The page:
Putting together a UI library with a set of components that resemble LEGO blocks is the main goal in many of my web projects. And just like my article about style guides, having a consistent set of pieces available will speed development and give confidence that feature extensions will conform to an overall design system. It is important for those pieces to go well together. Here’s my list of common components you should incorporate into your UI library.
First, let’s start with simple components, which consist mainly of HTML elements and CSS styles.
- Checkbox – A stylized input element that allows for multiple selections of options in a form fieldset.
- Radio – A stylized input element used when a list of two or more options are mutually exclusive, meaning the user must select only one option.
- Slider – A visual indicator for adjustable content where the user can move the handle on a horizontal track to increase or decrease the value.
- Toggle – A button that is used to quickly switch between two possible states.
- Search – An input element that enables users to specify a word or phrase to find relevant pieces of content without the use of navigation.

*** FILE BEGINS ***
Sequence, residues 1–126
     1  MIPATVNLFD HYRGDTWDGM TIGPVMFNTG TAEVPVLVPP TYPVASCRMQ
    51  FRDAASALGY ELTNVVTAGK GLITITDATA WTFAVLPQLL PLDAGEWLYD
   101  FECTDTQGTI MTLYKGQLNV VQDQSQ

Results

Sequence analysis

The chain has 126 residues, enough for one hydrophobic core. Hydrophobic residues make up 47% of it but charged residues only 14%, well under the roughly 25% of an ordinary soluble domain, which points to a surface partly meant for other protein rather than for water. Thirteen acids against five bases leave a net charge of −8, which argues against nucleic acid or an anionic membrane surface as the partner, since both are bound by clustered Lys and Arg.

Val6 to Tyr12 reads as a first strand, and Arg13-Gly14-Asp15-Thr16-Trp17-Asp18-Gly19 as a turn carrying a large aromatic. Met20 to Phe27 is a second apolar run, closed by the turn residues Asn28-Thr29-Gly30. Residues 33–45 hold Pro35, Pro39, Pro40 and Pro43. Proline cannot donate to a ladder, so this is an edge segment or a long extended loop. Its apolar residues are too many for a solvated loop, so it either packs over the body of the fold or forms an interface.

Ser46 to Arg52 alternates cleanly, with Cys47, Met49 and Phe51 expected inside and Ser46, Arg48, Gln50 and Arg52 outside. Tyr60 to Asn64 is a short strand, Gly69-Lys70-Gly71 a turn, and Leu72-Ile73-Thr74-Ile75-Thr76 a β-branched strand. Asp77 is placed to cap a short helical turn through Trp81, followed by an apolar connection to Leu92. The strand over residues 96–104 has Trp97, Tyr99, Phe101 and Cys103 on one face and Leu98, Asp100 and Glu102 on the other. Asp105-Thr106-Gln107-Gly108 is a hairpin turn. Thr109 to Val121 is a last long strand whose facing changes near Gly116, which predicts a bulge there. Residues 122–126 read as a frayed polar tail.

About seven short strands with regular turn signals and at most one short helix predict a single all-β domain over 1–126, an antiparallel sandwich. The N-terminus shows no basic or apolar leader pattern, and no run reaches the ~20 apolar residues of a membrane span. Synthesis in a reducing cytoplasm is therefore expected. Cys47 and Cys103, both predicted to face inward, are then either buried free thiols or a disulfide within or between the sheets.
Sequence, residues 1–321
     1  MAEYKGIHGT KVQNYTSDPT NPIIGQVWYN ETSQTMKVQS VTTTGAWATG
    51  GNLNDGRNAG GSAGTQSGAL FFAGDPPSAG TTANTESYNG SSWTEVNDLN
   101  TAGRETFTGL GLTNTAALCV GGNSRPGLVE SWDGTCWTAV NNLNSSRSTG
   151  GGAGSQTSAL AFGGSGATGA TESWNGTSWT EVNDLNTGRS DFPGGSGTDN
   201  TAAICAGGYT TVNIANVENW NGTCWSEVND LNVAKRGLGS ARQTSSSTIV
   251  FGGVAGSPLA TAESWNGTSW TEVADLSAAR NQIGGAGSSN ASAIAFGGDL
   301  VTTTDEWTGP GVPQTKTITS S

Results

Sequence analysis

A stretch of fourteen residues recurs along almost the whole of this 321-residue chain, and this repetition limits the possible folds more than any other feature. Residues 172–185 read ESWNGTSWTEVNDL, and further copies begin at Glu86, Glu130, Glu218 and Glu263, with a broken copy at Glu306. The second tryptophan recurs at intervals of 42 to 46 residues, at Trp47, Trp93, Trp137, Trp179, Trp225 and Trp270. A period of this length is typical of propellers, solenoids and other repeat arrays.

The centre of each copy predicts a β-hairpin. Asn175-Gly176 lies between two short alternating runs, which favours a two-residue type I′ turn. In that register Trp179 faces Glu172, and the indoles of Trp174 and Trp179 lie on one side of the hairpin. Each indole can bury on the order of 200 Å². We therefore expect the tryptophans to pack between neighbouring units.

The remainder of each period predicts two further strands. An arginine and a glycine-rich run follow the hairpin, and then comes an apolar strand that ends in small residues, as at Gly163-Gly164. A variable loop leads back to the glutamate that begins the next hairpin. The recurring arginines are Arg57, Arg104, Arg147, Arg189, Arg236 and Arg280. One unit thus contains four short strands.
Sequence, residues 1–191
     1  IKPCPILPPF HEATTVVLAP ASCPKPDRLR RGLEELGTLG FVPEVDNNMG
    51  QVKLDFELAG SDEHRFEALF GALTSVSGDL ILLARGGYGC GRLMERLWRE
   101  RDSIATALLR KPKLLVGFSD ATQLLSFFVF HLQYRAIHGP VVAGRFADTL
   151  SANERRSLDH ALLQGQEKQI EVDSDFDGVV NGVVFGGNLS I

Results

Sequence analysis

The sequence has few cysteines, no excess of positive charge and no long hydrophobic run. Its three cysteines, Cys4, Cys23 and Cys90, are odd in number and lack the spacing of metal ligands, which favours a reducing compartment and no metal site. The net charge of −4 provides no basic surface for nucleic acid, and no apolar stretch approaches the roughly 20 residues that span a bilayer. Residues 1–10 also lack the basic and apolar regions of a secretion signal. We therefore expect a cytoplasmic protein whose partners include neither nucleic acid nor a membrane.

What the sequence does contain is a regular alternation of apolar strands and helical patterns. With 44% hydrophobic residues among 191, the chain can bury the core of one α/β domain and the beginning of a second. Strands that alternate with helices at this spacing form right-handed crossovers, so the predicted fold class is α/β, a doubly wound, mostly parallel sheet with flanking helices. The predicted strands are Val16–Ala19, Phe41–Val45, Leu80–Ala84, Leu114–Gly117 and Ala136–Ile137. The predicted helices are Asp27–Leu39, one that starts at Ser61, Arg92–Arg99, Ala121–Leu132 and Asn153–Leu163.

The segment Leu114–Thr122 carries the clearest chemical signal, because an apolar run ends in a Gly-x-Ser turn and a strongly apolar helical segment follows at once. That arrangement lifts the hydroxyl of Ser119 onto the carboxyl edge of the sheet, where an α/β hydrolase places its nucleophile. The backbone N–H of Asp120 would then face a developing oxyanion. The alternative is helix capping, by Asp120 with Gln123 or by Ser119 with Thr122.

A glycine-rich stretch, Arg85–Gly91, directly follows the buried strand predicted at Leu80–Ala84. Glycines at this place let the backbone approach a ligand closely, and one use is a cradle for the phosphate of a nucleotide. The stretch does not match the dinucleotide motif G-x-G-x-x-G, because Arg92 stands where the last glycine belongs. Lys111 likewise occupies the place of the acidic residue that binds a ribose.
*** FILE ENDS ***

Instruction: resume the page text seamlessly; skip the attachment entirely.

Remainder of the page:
- Accordion – A widget that allows for generic content to collapse or expand along a vertical section on a page.
Next, complex components are made up of simple components and are more complicated to build.
- Tabs – Used to break out generic content along a horizontal section of the web page.
- Cards – Presentational widget used to provide snapshots and summaries of content.
- Dropdown – A list of options that can be used to filter or sort existing content.
- Combobox – Similar to dropdowns except that they provide an input field for users to search items and (optionally) add their own.
- Modal – A dialog overlay that forces the user to interact with it before giving them full access to the web page.
- Tooltip – Additional information text overlay provided upon mouse or keyboard focus.
- Pagination – A widget used to split up content or data into several pages.
- Table – A classic table allowing the presentation of low amounts of static data.
- Datagrid – Helps organize large volumes of data that users can scan, compare, and performs actions upon in a tabular format.
- Date Picker – Widget that allows users to select a single or a range of dates and times.
- Notification – Communication widgets to display important messages to end-user on actions, errors, time-based, or urgent information.
And there you have it, another list of an extremely useful set of pieces that your UI library should have in order to be valuable for a web project. With these core components, all the pieces will allow your team to move fast in implementing new useful features with a consistent style and high-quality. It’s a lot of work, but it will yield huge savings and rewards for your web application project.